For example, financial innovation occurs as new financial products and services are developed, combining basic financial attributes (risk-sharing, liquidity, credit) in innovative ways, as well as exploiting the weaknesses of tax law. To address problems or capitalise on opportunities, new financial products and services are developed, new business models emerge, and business processes are adapted and improved. Financial innovation, therefore, may be seen in general to involve most of the above mentioned types of innovation.

Disruptive vs. sustaining innovation

Main article: disruptive technology

How low-end disruption occurs over time.

In addition to dividing innovations into types, innovation is often characterized by its impact on existing markets or businesses. Sustaining innovations allows organizations to continue to approach markets the same way, such as the development of a faster or more fuel efficient car. Disruptive technology on the other hand, significantly changes a market or product category, such as the invention of a cheap, safe personal flying machine that could replace cars.

Prof. Clayton M. Christensen of the Harvard Business School, maintained a database of innovative changes in the production and sale of hard-disks from 1975 to 1995. There were 116 new technologies introduced, 111 of them were sustaining in nature, and every established firm in the industry was able to copy or replicate those innovations with 100% success. (Sustaining innovations also tend to be evolutionary.) In contrast there were 5 disruptive innovations. None of the disruptive products involved any new technology, yet for the established firms in the industry the adoption rate in the disruptive technologies was zero. See "Leading for Innovation" Hesselbein, (2002), page 204.

For the leading firms, the new technologies offered their existing customers little advantage. The success of the disruptive technology often promised lower profit margins to established firms. The decision makers values and the goals of the firm forbid giving serious consideration to technologies that will destroy an established market. These disruptive technologies were adopted by small firms that were not established in the market, and for whom adoption of the disruptive innovation represented new opportunity.

Evolutionary innovation v Radical Innovation (sic)

Similarly, incremental innovation is evolutionary innovation, a step forward along a technology trajectory, or from the known to the unknown, with a high chance of success and low uncertainty about outcomes. Radical innovation, on the other hand, involves larger leaps of understanding, perhaps demanding a new way of seeing the whole problem, probably taking a much larger risk than many people involved are happy about. The chances of success are difficult to estimate. There may be considerable opposition to the proposal and questions about the ethics, practicality or cost of the proposal may be raised. People may question if this is, or is not, an advancement of a technology or process.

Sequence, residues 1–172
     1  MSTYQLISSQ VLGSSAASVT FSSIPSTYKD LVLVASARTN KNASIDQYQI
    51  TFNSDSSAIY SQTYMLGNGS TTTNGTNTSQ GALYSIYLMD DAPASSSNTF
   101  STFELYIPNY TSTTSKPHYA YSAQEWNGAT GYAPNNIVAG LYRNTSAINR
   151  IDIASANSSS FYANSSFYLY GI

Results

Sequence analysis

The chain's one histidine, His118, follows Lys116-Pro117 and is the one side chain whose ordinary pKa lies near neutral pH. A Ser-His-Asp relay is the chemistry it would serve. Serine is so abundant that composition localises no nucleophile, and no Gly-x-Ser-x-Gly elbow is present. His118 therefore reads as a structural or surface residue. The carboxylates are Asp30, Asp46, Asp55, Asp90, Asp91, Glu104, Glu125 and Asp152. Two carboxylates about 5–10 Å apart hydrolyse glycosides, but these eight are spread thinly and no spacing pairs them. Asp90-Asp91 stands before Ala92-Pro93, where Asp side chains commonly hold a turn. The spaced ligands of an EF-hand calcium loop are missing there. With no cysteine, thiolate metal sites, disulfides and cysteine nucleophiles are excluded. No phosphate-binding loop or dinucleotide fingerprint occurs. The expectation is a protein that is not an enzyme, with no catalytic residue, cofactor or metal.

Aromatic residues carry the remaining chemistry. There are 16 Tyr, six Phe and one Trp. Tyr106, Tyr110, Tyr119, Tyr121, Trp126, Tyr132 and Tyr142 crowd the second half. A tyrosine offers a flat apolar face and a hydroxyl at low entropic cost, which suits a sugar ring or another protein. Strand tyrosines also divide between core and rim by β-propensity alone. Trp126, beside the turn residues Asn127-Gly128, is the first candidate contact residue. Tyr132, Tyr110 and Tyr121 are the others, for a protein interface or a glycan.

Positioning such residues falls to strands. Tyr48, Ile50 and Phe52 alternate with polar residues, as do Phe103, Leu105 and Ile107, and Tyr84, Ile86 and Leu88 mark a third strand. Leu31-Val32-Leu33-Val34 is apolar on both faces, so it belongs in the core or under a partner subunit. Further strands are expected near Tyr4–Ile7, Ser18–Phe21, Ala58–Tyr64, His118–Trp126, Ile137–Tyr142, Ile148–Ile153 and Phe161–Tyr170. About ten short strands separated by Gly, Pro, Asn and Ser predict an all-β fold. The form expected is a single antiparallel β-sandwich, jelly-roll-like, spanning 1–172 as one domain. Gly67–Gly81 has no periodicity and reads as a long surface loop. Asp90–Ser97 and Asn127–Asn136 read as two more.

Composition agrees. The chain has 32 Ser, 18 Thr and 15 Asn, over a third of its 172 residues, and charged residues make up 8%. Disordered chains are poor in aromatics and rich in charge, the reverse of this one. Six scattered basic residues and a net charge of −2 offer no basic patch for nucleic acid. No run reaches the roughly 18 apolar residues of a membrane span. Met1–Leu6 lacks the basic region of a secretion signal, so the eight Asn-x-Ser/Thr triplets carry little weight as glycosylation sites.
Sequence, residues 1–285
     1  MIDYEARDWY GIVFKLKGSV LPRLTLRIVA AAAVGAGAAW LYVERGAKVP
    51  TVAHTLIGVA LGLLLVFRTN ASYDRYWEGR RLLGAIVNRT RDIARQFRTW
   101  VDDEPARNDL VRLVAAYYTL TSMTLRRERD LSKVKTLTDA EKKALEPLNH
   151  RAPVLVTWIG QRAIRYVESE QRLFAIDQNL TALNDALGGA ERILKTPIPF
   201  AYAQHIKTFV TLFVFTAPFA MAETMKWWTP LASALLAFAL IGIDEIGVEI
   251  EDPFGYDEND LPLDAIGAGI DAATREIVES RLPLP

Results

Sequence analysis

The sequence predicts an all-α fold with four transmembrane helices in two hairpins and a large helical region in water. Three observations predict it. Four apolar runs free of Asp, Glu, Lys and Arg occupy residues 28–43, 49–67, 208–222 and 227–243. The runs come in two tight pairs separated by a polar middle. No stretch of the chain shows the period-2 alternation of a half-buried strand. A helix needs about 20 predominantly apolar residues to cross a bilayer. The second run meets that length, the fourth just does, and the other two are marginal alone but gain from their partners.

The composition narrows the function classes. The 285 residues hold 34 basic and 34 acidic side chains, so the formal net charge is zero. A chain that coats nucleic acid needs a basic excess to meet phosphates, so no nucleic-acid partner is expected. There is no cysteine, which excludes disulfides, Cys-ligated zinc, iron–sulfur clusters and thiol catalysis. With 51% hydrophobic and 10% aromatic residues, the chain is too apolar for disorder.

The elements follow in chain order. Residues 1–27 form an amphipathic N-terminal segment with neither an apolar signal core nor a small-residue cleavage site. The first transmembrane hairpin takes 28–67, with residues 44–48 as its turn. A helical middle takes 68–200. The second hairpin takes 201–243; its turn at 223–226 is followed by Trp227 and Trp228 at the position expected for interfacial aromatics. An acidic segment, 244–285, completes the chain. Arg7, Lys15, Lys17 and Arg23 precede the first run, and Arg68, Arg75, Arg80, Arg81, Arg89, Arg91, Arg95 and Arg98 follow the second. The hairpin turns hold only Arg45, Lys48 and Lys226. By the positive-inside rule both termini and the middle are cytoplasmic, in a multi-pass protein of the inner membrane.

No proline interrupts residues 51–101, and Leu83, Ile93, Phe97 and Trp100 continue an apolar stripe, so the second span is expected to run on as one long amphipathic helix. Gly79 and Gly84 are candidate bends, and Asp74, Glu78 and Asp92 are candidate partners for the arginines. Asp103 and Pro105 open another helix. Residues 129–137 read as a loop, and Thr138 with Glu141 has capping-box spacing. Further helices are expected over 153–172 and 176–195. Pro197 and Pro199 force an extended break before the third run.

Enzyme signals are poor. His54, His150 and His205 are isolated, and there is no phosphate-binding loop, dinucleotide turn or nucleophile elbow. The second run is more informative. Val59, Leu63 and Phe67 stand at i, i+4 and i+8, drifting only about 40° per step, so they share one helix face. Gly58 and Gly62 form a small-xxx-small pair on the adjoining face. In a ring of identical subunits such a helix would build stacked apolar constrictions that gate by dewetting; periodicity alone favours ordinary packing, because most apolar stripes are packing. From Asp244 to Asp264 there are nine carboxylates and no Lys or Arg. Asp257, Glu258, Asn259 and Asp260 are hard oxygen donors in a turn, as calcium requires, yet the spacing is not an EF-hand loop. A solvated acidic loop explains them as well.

Sources of innovation

There are two main sources of innovation. The traditionally recognized source is manufacturer innovation. This is where an agent (person or business) innovates in order to sell the innovation. The other source of innovation, only now becoming widely recognized, is end-user innovation. This is where an agent (person or company) develops an innovation for their own (personal or in-house) use because existing products do not meet their needs. Eric von Hippel has identified end-user innovation as, by far, the most important and critical in his classic book on the subject, Sources of Innovation.

Innovation by businesses is achieved in many ways, with much attention now given to formal research and development for "breakthrough innovations." But innovations may be developed by less formal on-the-job modifications of practice, through exchange and combination of professional experience and by many other routes. The more radical and revolutionary innovations tend to stem from R&D, while more incremental innovations may emerge from practice - but there are many exceptions to each of these trends.

Regarding user innovation, rarely user innovators may become entrepreneurs, selling their product, or more often they may choose to trade their innovation in exchange for other innovations. Nowadays, they may also choose to freely reveal their innovations, using methods like open source. In such networks of innovation the creativity of the users or communities of users can further develop technologies and their use.

Whether innovation is mainly supply-pushed (based on new technological possibilities) or demand-led (based on social needs and market requirements) has been a hotly debated topic. Similarly, what exactly drives innovation in organizations and economies remains an open question.

Diffusion of innovations

Main article: diffusion of innovations

Once innovation occurs, innovations may be spread from the innovator to other individuals and groups. This process has been studied extensively in the scholarly literature from a variety of viewpoints, most notably in Everett Rogers' classic book, The Diffusion of Innovations.